Reuters Health Information (2012-12-28): Sirolimus advantageous after liver transplantation for cancer
Sirolimus advantageous after liver transplantation for cancer
Last Updated: 2012-12-28 12:30:20 -0400 (Reuters Health)
NEW YORK (Reuters Health) - Recurrent hepatoma after liver transplantation is less likely with immunosuppression protocols that include sirolimus, a meta-analysis suggests.
The improved outcomes - including lower recurrence-related mortality even with significant poor prognostic factors - "support the potential antiproliferative tumor effect" of sirolimus, say the authors of the report online December 20 in Alimentary Pharmacology and Therapeutics.
Dr. Nigel Heaton at King's College Hospital, London, and colleagues explain that calcineurin inhibitors (like the commonly used immunosuppressants cyclosporine and tacrolimus) have been implicated in tumor formation.
But sirolimus, in contrast to the similarly named tacrolimus, is not a calcineurin inhibitor. Instead, it achieves its immunosuppressant effects by inhibiting mammalian target of rapamycin (mTOR) receptors, and it has antitumor effects as well.
"The antitumor activity of sirolimus occurs at the same concentrations as the maintenance target levels in posttransplant patients," the authors note.
To assess cancer outcomes with sirolimus-based immunosuppression following liver transplantation for hepatocellular carcinoma (HCC), the team conducted a systematic review of the literature and identified five relevant studies involving a total of 474 patients.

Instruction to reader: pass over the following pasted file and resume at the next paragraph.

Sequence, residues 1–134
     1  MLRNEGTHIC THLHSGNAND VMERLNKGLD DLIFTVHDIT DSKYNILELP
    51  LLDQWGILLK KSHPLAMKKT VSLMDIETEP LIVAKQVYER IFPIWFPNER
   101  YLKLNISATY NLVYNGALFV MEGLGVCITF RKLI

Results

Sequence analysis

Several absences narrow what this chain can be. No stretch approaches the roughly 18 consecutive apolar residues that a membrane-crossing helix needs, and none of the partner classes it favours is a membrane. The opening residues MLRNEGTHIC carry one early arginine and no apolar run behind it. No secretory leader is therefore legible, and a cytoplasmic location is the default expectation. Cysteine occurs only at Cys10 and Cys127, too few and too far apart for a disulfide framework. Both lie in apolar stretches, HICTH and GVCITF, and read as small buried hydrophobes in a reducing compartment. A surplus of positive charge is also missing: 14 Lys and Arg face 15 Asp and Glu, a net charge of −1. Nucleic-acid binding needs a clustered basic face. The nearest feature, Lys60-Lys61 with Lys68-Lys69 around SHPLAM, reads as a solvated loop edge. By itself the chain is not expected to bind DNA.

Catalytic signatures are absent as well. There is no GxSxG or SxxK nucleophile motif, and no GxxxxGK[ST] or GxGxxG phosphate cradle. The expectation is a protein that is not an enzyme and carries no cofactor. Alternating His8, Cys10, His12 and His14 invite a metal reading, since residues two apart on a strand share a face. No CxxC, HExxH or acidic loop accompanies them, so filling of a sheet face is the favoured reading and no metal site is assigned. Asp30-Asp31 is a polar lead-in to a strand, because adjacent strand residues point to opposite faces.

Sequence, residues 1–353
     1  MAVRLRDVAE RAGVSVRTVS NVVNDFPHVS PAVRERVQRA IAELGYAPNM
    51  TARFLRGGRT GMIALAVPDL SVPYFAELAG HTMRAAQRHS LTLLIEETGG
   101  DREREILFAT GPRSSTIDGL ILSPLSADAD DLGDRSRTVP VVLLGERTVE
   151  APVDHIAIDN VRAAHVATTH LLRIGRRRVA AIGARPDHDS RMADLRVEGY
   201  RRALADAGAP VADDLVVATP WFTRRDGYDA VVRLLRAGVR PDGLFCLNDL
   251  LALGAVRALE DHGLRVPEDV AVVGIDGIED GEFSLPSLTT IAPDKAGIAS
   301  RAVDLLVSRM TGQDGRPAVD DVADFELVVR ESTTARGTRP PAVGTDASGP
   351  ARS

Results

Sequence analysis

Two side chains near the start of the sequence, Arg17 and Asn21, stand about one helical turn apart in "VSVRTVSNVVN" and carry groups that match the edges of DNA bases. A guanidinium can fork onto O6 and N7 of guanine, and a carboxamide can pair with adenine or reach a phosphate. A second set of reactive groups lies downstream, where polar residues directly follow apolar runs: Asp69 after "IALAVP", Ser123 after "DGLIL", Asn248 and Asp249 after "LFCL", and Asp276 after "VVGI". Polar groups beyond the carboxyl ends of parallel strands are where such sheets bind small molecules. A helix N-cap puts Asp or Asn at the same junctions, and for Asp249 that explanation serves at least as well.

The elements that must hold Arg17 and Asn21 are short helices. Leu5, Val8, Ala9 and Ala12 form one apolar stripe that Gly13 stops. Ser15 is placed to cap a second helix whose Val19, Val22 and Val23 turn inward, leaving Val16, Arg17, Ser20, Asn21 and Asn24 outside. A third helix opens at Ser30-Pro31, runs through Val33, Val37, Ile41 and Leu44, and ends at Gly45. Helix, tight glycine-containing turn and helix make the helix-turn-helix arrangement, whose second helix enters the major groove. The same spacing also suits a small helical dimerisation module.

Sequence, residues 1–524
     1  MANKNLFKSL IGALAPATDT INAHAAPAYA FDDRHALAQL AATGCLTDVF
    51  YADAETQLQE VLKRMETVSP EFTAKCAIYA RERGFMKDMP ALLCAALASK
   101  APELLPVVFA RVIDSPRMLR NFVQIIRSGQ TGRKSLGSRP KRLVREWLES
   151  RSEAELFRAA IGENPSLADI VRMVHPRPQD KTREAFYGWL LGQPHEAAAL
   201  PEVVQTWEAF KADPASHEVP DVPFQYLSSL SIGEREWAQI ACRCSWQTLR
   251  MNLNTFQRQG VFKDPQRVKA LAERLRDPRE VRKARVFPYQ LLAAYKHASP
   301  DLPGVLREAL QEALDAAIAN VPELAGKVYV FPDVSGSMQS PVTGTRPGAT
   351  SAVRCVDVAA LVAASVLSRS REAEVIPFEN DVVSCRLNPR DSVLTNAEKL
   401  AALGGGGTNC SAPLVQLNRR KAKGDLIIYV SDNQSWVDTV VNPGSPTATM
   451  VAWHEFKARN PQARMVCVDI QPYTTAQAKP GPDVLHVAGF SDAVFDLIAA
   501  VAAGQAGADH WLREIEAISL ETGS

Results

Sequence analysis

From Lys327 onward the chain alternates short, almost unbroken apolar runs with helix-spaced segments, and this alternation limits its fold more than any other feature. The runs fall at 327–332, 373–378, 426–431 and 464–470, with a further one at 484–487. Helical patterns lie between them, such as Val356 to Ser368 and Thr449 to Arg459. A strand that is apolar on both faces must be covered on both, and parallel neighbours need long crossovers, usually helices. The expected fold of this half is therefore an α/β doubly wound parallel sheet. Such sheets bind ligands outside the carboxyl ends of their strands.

All the studies used sirolimus in combination with a calcineurin inhibitor (CNI), either cyclosporine or tacrolimus. "Sirolimus can be used for CNI renal sparing, but is not effective enough to be used as a single agent -- particularly early post transplant," Dr. Heaton explained in an email to Reuters Health. Three of the studies compared sirolimus-treated patients to those treated with only a calcineurin inhibitor.
Median follow-up ranged from 18 to 49 months. The tumor recurrence rate was lower with sirolimus use (4.9%-12.9%) than with calcineurin inhibitors (17.3%-38.7%), the researchers found. Recurrence-free survival was also much better with sirolimus. For example, at five years, recurrence-free survival in the two groups was 79%-80% versus 54%-60%, respectively.
The odds ratio for recurrence with sirolimus vs calcineurin inhibitors was 0.30 (p<0.001); for recurrence-related mortality the OR was 0.29 (p=0.005), and for overall mortality it was 0.35 (p<0.001), according to the report.
Dr. Heaton and colleagues acknowledge that the quality of all the included studies was low, and there are limitations to their analysis. Nonetheless, they conclude, "The review showed lower recurrence rate, longer recurrence-free survival and overall survival and lower recurrence-related mortality in sirolimus-treated patients in comparison with the calcineurin inhibitor-treated patients following liver transplantation for hepatocellular carcinoma."
Dr. Heaton added this perspective: "Although there is some evidence for benefit of using sirolimus post transplant for HCC, it is not really strong. Outcomes from properly randomized trials are awaited." In their paper, he and his co-authors specifically mention the SiLVER trial, which should help in proving the oncological benefit of sirolimus post liver transplantation for HCC.
As Dr. Heaton noted, a question remains. "Is the effect currently observed due to the action of sirolimus, or is part of it due to lower levels of CNI-based immunosuppression?"
Aliment Pharmacol Ther 2012.